As in the world of the fairy tale, the wish is granted, but at a terrible price. At the time he was writing The Picture of Dorian Gray, Wilde became friendly with Robert "Robbie" Ross, whom he had first met in at Oxford and who later served as Wilde's literary executor after faithfully standing by him through Wilde's trials and the horrors of Wilde's two years in prison.
Montgomery Hyde, in Oscar Wilde: A Biography, cited "strong grounds for believing that it was with [Ross] that Wilde first deliberately experimented in homosexual practices. I heard a clergyman extolling it, he only regretted some of the sentiments. A particularly scathing attack in The Scots Observer made a veiled reference to Wilde's homosexuality and suggested he take up tailoring or some other "decent" trade. For the novel's hardcover edition, published the following year, Wilde made some changes, most important of which was the addition of six chapters and the famous epigrammatic preface.
Perhaps surprisingly, the reviews this time were more favorable. Walter Pater praised the book highly, and, as Hyde reported in Oscar Wilde: Joyce Carol Oates in Critical Inquiry described the novel as a "parable of the fall" and identified Dorian's sin in his practice of involving others, "without any emotion,.
His life becomes a series of one-night stands, each encounter briefer than the last. The painter Basil Hallward, for all his goodness, sublimates his true feelings in the beautiful portrait. Lord Henry Wotton, for all his theories about the importance of indiscriminate experience, does not act. And Dorian Gray, whose actions with others lead him only to the point of prizing things such as tapestries, jewels, and vestments, unconvincingly tries to redeem himself with the village girl Hetty, but succeeds only in ending his life in a melodramatic fashion.
Though hastily written and clumsily constructed, it manages to haunt many readers with vivid memories of its visionary descriptions. From the reader's viewpoint, the picture suggests the treatment of angle and distance—the ways of telling and showing—which make up the perennial issues of the aesthetics and criticism of fiction.
It is rather because of his dramas that Wilde's reputation has remained most secure. Britain's Lord Chamberlain, responsible for licensing stage performances, banned the play on the technical grounds that it portrayed biblical characters, which was forbidden since the days of the Protestant Reformation.
The play no doubt offended on other grounds as well, such as those expressed by a critic in the London Times in Soal, debated the connection between the identity of the writer and the textual persona of the author. Doyle considered the messages to be genuine on the basis of his stylistic analysis of the text: Soal, on the other hand, pointed out that such analogies are easily counterfeited and suggested that the author of the text was the medium herself, even though she may not have been aware of her forgery.
This forgotten anecdote resonates with the contemporary narratological debates over the issue of authorship. The dead man writing from beyond the grave gives an uncannily literal meaning to the catchphrase "the death of the author.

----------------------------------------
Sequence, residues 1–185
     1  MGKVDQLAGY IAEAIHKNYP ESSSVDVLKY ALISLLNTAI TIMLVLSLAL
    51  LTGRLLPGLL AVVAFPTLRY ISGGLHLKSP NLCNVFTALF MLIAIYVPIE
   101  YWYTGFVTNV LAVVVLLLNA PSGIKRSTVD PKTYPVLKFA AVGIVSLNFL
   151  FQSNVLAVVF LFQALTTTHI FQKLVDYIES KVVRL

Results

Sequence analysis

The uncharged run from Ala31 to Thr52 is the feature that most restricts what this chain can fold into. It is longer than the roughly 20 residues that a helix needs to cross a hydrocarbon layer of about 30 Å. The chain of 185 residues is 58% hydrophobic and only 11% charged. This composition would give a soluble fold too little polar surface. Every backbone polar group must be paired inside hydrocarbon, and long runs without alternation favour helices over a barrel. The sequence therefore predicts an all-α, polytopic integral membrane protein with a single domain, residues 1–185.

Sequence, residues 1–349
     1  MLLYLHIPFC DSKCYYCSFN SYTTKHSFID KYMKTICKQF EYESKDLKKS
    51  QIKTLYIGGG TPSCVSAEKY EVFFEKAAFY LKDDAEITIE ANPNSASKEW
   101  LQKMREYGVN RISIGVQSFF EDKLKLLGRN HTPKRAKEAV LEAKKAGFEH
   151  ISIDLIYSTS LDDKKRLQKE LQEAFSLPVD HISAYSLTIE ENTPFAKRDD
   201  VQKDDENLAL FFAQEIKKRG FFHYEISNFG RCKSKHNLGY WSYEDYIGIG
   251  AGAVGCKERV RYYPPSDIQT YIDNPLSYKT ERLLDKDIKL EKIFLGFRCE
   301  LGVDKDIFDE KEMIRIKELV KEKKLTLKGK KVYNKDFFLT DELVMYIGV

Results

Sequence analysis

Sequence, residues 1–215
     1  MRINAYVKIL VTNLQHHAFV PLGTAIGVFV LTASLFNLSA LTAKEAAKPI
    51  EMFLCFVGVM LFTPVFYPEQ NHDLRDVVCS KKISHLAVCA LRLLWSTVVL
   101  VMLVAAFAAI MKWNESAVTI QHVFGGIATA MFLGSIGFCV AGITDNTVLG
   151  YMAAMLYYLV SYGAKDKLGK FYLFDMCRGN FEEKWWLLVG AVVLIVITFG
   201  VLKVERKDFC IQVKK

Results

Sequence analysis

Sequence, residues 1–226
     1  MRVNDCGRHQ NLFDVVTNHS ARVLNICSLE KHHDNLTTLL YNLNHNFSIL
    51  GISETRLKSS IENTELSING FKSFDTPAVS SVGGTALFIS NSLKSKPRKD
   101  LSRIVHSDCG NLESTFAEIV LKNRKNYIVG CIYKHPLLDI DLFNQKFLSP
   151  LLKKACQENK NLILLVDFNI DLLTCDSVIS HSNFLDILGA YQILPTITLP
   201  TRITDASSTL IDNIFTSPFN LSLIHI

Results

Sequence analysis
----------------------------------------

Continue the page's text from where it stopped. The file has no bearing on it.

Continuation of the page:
The question hotly debated in spiritualist circles was precisely whether the "Wilde" of the messages was the same person as the author of The Picture of Dorian Gray. No less an issue than the immortality of the soul hinged on the answer to this question. While spiritualism is no longer the pressing cultural problematic it was in the s, authorship still is. Lanser writes in a recent article, "the author keeps getting 'implied' even in essays that question it" British Broadcasting Corporation Home.
His father was a successful surgeon and his mother a writer and literary hostess. While at Oxford, Wilde became involved in the aesthetic movement. After he graduated, he moved to London to pursue a literary career.
His output was diverse. A first volume of his poetry was published in but as well as composing verse, he contributed to publications such as the 'Pall Mall Gazette', wrote fairy stories and published a novel 'The Picture of Dorian Gray' His greatest talent was for writing plays, and he produced a string of extremely popular comedies including 'Lady Windermere's Fan' , 'An Ideal Husband ' and 'The Importance of Being Earnest'
Oscar Wilde had often spoken of his belief that, in artistic matters, style outweighed sincerity or substance. As such, in his novel The Picture of Dorian Gray, his attention was therefore paid to form and the nuances of wording in his novel.
The writing style in The Picture of Dorian Gray Oscar Wilde was a writer that appreciated writing style more than the actual substance in literary pieces. In his only finished piece, The Picture of Dorian Gray, Wilde accomplished perfection.
Transcript of Oscar Wilde´s writing style and use of language Oscar Wilde´s writing style and use of language Oscar Wilde-born 16, October , Irland, Dublin. The picture of Dorian Gray was published in Oscar Wilde is an almost insanely funny and witty writer. He is % invited to our all-star, all-hilarious dead celebrity dinner party along with Mae West and Joseph Heller.
Wilde really unleashes the rabid hounds of ornamentation on this piece of work. His prose is almost visibly sparkling with gems and gilded bric-a-brac; reading Dorian Gray is like watching an all-out, massively expensive period film. Apr 23, · Oscar Wilde’s STYLE of writing is, in many ways, just as important and rich as the content of the novel. In what ways does Oscar Wilde’s particular use of language enhance meaning in the novel? Consider elements such as tone, diction, imagery, irony, allusion, symbolism, metaphor, personification, juxtaposition, or epigrams.